Monday, November 17, 2014


With our inclination towards anything involving the water…
it's no surprise I have quoted Rat before.
 Much to Ren Mans delight, we spent one week messing about in a boat 
on the Canal du Midi.
Many felt Pierre-Paul Riquet was crazy when his ideas began to emerge back in 1654, 
however, his brilliant work is evident…
as the canal meanders through the beautiful French countryside,
crossing aqueducts with rivers flowing underneath.

Riquets' home town of Beziers provided the perfect weekend market for provisions
 before boarding Winifred in Capestang, France.

After a few minutes of training…
we were on our way…
headed upstream…
rising a few feet…
at each of the fifty nine locks we encountered.
When boats move forward near the front closed gate,
the rear gate closes and water begins to empty into the area as the front gate is slowly opened.



Each lock has a helpful attendant who controls the closing and opening of gates
 and as the boats rise to the level of the canal, the front gate opens 
for boats to continue on their journey.
We climbed close to five hundred feet over the entire distance of our journey 
from Capestang to Port Lauragais.
Incredible engineering.
Don't tell Ren Man I noticed.

Our journey up the canal continues...






Thursday, November 13, 2014

“Take some more tea," the March Hare said to Alice, very earnestly. "I've had nothing yet," Alice replied in an offended tone, "so I can't take more." "You mean you can't take less," said the Hatter: "it's very easy to take more than nothing." "Nobody asked your opinion," said Alice.” ― Lewis Carroll, Alice in Wonderland

Recently, Oxford...

and its collection of independently founded colleges, 
have drawn Harry Potter fans curious to view film locations.

However, there are also those who are "curiouser and curiouser" 
about its connection to Alice in Wonderland.  

So, back in June when our teenage visitor was in town,
 we had multiple reasons for Oxford to be on our itinerary.
1)  We were a few weeks early for Alice's Day celebrated every July,
but not too early for our own Mad Tea Party.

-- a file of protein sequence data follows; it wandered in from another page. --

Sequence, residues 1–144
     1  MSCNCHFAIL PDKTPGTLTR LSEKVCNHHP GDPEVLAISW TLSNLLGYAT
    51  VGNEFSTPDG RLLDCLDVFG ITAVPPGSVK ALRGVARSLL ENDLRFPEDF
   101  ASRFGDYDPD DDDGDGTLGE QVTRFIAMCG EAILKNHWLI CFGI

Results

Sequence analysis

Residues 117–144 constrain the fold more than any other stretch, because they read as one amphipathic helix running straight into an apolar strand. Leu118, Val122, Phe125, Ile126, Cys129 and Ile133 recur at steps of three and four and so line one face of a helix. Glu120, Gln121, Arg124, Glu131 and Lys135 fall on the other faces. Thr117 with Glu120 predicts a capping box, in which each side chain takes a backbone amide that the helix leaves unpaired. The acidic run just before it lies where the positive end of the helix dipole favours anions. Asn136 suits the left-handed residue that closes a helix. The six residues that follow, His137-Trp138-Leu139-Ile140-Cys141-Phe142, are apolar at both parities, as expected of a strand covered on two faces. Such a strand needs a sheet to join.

Lewis Carroll, a Christ Church math student, 
met Alice, the daughter of a Dean, and let his imagination take Alice on an adventure.
Many items in the story are based on curiousities found on campus.


2)  College visit…

With this young lady,
Oxford would be lucky to have her.

There was evidence all over town…
of the approaching graduation ceremonies.

3)  Harry Potter…



Not being real into the whole Harry Potter thing, 
my knowledge of these exact locations in the film is lacking.
Those of you who are fans, know exactly what went on in each of these areas.

4)  Although photos are not allowed,
our tour of Bodleian Library was quite impressive.
Over 11 million printed materials.

5)  Wandering about campus…
enjoying the sunshine...

 and the view.

Oxford will be all lit up in a couple of weeks 
as they kick off their Christmas Season with the Light Festival 2014
November 21-23.

Sounds like a wonderful time to visit this charming city. 

Tuesday, November 11, 2014

"In Flanders fields the poppies blow Between the crosses, row on row, That mark our place; and in the sky The larks, still bravely singing, fly Scarce heard amid the guns below." ~ John McRae

Hello stranger!
It seems my summer sabbatical from daily blogging 
spilled over into September...

and then October...
and…
well…
evidenced by my InstaFUN memories,
all of the sudden,
here we are hugging the middle of November.
When darkness arrives quite early to pull the shades down on daylight.